The global pharmaceutical sector is booming thanks to continued growth in R&D spend in new technologies and therapeutic areas, putting the industry back on a more normal track following a tumultuous period during the pandemic. According to a report by the IQVIA Institute, R&D expenditure by big pharma companies reached a record $138 billion in 2022, marking a huge 43% increase since 2017.
It’s been encouraging to see pipeline activity innovation regain its pre-pandemic momentum, and we expect this to drive a continued increase in M&A, as cash-rich, mature companies buy access to developing product areas and expertise to drive forward future growth.
According to a report from Goldman Sachs, the global pharmaceutical sector has a war chest of approximately $700 billion to acquire other companies and invest in R&D, a significant amount of potential M&A firepower. This is only growing, as combined total revenue for the largest global pharmaceutical companies reached $737 billion in 2022, representing a 4.7% rise in net sales compared to the $704 billion recorded in 2021, further increasing deployable cash flows.
As ever a major driver remains the need for pharma companies to continue to invest due to the “patent cliff” – the potential sharp decline in revenues upon patent expiry of one or more leading products which then become generics.
A Deeper Insight into Big Pharma
Record levels of drugs in the pipeline, improved speed productivity drivers in clinical trials and the emergence of increasing numbers of smaller biopharma companies are all factors widening big pharma’s interest in M&A. With the accumulation of substantial cash reserves during the coronavirus pandemic, coupled with investor worries regarding future growth prospects we believe there will be a further upsurge in activity.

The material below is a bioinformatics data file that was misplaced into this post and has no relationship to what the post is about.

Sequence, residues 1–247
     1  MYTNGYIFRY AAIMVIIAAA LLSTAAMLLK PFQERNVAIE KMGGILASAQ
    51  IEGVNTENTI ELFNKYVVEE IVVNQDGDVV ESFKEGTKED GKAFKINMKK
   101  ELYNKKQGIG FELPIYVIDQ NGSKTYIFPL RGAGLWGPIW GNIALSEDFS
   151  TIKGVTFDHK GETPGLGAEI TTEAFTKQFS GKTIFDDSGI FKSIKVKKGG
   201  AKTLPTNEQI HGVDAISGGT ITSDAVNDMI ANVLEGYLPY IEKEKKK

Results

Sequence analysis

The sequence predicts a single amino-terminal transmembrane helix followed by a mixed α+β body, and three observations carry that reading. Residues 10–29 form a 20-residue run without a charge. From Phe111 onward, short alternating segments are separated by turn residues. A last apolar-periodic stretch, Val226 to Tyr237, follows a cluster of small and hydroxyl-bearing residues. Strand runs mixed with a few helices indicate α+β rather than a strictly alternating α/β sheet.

Recent acquisitions in the pharmaceutical and biotech industries have completely bucked the overall trend in the M&A market which has been relatively lacklustre. Reuters Breakingviews echoed this sentiment in a recent article, stating that “drugmakers are primed for a shopping spree in 2023” with chief executives having a “potential half-trillion-dollar war chest to use on dealmaking”. Therefore, we could be well on track to reach exceptional levels of deals this year, far higher than last year’s total value of biopharma deals reaching $127bn.
If a company possesses promising late-stage R&D assets, it becomes that much more appealing as a potential acquisition target for the cash-rich major pharmaceutical companies. If the ongoing product development pipeline activity remains at a high, there’s no doubt we’ll see continued positive sentiment across the sector and M&A, both bolstering share prices and overall capital markets activity.